fact that the <span property="artMedium">bedsheets</span> were stained 
            with bodily secretions and the floor had items from the artist's room 
            (such as <span property="artMedium">condoms</span>, 
            <span property="artMedium">a pair of knickers</span> with menstrual 
            period stains, other detritus, and functional, everyday objects, 
            including a <span property="artMedium">pair of slippers</span>). The 
            <span property="artMedium">bed</span> was presented in the state that 
            Emin claimed it had been when she said she had not got up from it for 
            several days due to suicidal depression brought on by relationship 
            difficulties.
        </p>
    </div>
    <script type="application/ld+json">
    {
      "@context": "http://schema.org",
      "@type": "VisualArtwork",
      "sameAs": "http://rdf.freebase.com/rdf/m.0dbwsn",
      "name": "My Bed",
      "dateCreated": "1998",
      "artform": "installation",
      "image": "http://upload.wikimedia.org/wikipedia/en/9/9d/Emin-My-Bed.jpg",
      "description": "My Bed was exhibited at the Tate Gallery in...",
      "creator": [
        {
          "@type": "Person",
          "name": "Tracey Emin",
          "sameAs": "https://www.freebase.com/m/015sxw"
        }
      ],
      "artMedium": "bedsheets",
      "artMedium": "condoms",
      "artMedium": "a pair of knickers",
      "artMedium": "pair of slippers",
      "artMedium": "bed"
    }
    </script>
Example 3
Example showing artEdition property in use for a piece of artwork that was created as a series of multiple identical items
    <div>
        <h1>Still Life under the Lamp</h1>
        <p>
            Print from <time datetime="1962">1962</time>
            by Pablo Picasso. Numbered from the edition of 50, 
            each signed by the artist in pencil, lower right: Picasso.
        </p>
        <img src="http://www.pada.net/Photos/38/Full/picasso.lamp.jpg" />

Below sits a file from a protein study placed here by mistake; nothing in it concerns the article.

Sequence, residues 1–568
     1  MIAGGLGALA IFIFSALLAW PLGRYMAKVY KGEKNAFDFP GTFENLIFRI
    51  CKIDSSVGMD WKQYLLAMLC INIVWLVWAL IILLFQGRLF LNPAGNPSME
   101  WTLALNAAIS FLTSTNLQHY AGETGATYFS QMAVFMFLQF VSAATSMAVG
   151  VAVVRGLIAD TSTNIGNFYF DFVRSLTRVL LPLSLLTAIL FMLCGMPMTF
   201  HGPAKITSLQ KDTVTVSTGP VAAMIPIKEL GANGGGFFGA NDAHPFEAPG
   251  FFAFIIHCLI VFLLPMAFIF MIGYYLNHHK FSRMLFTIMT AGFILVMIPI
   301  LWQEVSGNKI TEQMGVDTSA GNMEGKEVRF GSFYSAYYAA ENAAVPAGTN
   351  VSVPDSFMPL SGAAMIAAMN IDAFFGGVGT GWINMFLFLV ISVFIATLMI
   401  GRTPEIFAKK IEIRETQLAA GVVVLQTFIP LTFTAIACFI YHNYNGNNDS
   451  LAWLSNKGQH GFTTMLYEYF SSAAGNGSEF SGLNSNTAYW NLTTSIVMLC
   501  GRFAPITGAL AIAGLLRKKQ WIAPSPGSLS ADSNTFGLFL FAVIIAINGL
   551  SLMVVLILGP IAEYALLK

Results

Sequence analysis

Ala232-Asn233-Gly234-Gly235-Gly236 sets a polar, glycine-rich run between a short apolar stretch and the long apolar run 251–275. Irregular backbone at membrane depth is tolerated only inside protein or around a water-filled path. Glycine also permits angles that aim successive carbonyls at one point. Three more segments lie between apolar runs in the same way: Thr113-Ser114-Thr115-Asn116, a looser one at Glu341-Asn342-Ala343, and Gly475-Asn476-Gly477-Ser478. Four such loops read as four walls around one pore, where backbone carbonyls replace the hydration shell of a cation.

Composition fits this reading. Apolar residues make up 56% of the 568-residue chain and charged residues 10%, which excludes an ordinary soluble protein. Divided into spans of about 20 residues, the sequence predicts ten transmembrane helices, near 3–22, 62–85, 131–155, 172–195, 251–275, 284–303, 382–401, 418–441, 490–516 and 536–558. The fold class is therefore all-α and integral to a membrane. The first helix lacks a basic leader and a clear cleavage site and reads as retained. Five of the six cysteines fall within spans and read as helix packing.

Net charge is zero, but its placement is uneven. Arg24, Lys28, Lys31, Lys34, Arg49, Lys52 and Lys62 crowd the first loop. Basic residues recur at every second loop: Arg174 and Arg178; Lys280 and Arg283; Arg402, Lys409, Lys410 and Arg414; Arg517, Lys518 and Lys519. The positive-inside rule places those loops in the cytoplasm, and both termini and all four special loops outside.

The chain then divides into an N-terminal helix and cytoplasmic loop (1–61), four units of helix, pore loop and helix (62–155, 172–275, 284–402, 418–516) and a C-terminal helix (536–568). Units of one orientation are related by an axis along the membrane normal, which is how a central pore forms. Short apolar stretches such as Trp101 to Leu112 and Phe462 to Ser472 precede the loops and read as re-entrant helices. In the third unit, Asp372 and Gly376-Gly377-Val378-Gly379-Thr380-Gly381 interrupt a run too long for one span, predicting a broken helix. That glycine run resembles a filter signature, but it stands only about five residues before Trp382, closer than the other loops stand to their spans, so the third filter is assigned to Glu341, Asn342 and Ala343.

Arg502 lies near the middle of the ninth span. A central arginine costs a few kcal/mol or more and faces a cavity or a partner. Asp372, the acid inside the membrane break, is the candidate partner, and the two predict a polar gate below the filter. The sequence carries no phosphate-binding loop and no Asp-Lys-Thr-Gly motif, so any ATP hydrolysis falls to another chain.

<div>
            <p>
                <cite>Still Life under the Lamp</cite>, from 1962, made when the artist 
                was eighty years old, are counted among Picasso’s most important works 
                in linocut, a technique that he explored in the late 1950s and early 
                1960s. The progressive proofs show the step by step sequence by which 
                Picasso created his linocut images showing the development of the 
                image into its final form.
            </p>
        </div>
        <ul>
            <li>Artist: <a href="https://www.freebase.com/m/07pj7mx">Pablo Picasso</li>
            <li>Dimensions: 25 3/16 inches × 20 3/4 inches</li>
            <li>Materials: linoprint on paper</li>
            <li>
                See also <a href="http://www.pada.net/members/memPicFull.php/38/367">here</a>
                and <a href="http://www.britishmuseum.org/about_us/news_and_press/press_releases/2014/picasso_linocuts.aspx">here</a>.
        </ul>
    </div>
    <div itemscope itemtype="http://schema.org/VisualArtwork">
        <link itemprop="sameAs" href="http://www.pada.net/members/memPicFull.php/38/367" />
        <h1 itemprop="name">Still Life under the Lamp</h1>
        <p>
            <span itemprop="artform">Print</span> from <time itemprop="dateCreated" datetime="1962">1962</time>
            by Pablo Picasso. Numbered from the edition of <span itemprop="artEdition">50</span>, 
            each signed by the artist in pencil, lower right: Picasso.
        </p>
        <img itemprop="image" src="http://www.pada.net/Photos/38/Full/picasso.lamp.jpg" />
        <div itemprop="description">
            <p>
                <cite>Still Life under the Lamp</cite>, from 1962, made when the artist 
                was eighty years old, are counted among Picasso’s most important works